Caring for Creation
Our science faculty and students have long been engaged with environmental issues. Chemistry professor Irv Levy along with his colleagues Dwight Tshudy and Emily Jarvis are responsible for Gordon's reputation for being on the cutting edge of green chemistry, which is concerned with designing materials and processes safe for human health and the environment. Biology professor Dorothy Boorse and her colleagues Ming Zheng and Dan Johnson are currently on a student research committee studying sustainable agriculture in Honduras. Our location in New England also provides opportunities for research related to the marine environment, including the efforts of Chuck Blend and his students to better understand the deaths of Great Eiders (large seaducks) off the coast. Such projects will be enhanced by resources available in the KOSC such as the new ecology laboratory's geographic information system (GIS), which will aid the migratory songbird research of Greg Keller.
But being environmentally responsible is by no means limited to the classrooms or laboratories here at Gordon. Last year, for example, the student group Advocates for a Sustainable Future (ASF) took responsibility for a number of conservation and recycling initiatives (www.gordon.edu/asf). Our Physical Plant staff continue to take a leadership role in demonstrating environmental responsibility from a Christian perspective (www.gordon.edu/restorecreation). Such efforts, combined with the ongoing work of faculty and students in the natural sciences, are contributing to a comprehensive, campus-wide awareness of the importance of caring for creation.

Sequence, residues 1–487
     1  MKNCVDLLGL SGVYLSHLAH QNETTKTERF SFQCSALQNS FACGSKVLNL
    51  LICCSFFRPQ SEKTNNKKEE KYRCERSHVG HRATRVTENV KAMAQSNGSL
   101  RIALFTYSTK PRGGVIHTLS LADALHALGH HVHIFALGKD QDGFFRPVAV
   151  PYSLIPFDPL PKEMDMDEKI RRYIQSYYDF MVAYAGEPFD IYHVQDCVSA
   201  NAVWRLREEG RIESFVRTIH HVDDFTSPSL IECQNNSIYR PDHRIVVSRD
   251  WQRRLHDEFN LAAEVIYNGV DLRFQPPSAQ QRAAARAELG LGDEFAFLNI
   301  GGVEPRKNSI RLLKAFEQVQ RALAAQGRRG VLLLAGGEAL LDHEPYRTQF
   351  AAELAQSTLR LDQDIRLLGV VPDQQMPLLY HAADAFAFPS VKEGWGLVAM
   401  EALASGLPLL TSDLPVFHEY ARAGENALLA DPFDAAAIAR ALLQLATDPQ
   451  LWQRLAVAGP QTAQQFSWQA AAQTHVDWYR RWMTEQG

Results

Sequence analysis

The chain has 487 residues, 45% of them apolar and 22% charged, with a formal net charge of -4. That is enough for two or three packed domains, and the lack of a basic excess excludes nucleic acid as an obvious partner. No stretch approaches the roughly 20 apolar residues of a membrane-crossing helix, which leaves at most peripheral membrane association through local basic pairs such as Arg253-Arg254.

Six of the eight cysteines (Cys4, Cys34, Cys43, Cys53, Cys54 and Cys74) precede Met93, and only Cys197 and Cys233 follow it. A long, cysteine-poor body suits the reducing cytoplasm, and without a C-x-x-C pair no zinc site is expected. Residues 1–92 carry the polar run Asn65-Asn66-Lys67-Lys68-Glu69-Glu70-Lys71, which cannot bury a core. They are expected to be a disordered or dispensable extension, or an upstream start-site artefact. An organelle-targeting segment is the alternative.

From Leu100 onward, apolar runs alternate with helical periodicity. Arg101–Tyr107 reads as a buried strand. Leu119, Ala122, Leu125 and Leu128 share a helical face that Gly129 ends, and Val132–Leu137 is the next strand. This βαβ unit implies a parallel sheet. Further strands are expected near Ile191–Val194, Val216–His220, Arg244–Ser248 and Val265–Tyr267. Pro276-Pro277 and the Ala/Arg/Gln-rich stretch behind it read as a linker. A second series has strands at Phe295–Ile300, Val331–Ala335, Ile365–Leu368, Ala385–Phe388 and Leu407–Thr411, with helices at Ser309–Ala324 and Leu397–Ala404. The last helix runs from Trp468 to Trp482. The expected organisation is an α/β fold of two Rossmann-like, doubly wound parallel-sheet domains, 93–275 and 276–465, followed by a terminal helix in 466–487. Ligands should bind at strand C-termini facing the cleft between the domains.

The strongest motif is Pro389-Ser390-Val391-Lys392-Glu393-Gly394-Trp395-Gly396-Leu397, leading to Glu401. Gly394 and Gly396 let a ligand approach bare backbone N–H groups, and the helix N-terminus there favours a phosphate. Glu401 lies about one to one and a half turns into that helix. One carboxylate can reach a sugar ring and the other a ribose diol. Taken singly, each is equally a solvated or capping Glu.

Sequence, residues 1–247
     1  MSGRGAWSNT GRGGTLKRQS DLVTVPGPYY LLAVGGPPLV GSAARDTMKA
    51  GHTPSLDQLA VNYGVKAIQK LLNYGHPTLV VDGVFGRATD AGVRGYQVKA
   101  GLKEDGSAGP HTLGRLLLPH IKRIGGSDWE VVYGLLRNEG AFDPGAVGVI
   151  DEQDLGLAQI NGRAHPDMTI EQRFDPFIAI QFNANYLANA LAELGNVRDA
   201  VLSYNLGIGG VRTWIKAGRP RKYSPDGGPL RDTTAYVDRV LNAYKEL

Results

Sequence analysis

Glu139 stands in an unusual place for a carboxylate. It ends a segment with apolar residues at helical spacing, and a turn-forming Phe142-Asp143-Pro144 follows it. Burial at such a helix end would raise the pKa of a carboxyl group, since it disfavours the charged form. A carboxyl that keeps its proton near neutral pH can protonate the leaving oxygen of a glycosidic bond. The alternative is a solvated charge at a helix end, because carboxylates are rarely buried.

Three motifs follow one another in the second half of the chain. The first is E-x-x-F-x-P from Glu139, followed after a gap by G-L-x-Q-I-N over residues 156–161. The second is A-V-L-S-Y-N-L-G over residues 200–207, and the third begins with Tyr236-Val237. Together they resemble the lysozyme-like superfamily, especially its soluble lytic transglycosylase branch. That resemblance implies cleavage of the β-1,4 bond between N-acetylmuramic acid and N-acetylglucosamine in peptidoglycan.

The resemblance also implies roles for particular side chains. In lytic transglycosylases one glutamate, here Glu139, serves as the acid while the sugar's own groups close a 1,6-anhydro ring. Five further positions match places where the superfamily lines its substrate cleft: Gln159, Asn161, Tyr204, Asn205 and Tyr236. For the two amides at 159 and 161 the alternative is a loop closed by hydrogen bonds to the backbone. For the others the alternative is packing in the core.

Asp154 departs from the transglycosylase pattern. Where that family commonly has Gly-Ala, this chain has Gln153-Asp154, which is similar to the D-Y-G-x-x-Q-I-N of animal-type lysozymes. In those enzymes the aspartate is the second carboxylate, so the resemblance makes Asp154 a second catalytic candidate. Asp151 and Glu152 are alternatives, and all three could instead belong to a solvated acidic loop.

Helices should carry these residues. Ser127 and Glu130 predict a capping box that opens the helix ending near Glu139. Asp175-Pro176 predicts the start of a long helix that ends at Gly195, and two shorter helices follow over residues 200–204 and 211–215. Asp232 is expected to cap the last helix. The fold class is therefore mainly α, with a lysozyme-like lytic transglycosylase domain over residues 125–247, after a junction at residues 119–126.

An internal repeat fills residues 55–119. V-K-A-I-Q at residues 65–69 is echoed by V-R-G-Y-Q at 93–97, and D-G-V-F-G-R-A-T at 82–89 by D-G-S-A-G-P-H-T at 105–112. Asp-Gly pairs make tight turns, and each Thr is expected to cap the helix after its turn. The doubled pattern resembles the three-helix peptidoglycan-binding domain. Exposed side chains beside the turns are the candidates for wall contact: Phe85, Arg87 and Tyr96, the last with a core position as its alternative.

Evangelicals have not always been in the forefront of environmental education or had a meaningful voice in environmental issues. Some of us, in fact, have been part of the problem. But this is changing--and for the better. In 2006 I was among the 85 evangelical leaders who signed the Statement of the Evangelical Climate Initiative (www.christiansandclimate.org/statement). This evangelical call to action was made in recognition of an opportunity and responsibility to offer a biblically based moral witness; a witness helping to shape public policy in this country and thereby contributing to the well-being of others beyond our borders. In particular, poor nations and individuals have few resources to cope with the major environmental challenges posed by climate change and other threats.
Taking environmentally responsible positions is part of every Christian's mandate from our Creator God, who commands us, like Adam, to tend and keep this garden that is the Earth; who, through Noah, preserved species destined for extinction; and who, through the Sabbath principles of Exodus and Leviticus, requires that land and livestock not be relentlessly pressed but given rest.
As John Calvin once said, "Let him who possesses a field, so partake of its yearly fruits, that he may not suffer the ground to be injured by his negligence; but let him endeavor to hand it down to posterity as he received it. . . . Let everyone regard himself as the steward of God in all things which he possesses." The new Ken Olsen Science Center will help us live out this mandate, which is not only our responsibility but our joy.
R. Judson Carlberg, Ph.D.
The Ken Olsen Center
Green features of the new science building include: roof slate made from recycled plastic products; window glass with a low-E coating and argon filled for energy efficiency; carpets and all interior paints, finishes and stains have low VOC's (volatile organic compounds) for better indoor air quality.
Chase Hall, at 58,000 square feet with housing for 166 students and three classrooms, uses about the same amount of energy as the much-smaller Sheppard Hall, with 18,000 square feet, housing 90 students.
Lighting projects have been completed in many existing campus buildings including the Bennett Center. The lights generally pay for themselves in a year, and their use will substantially reduce the amount of electricity we consume.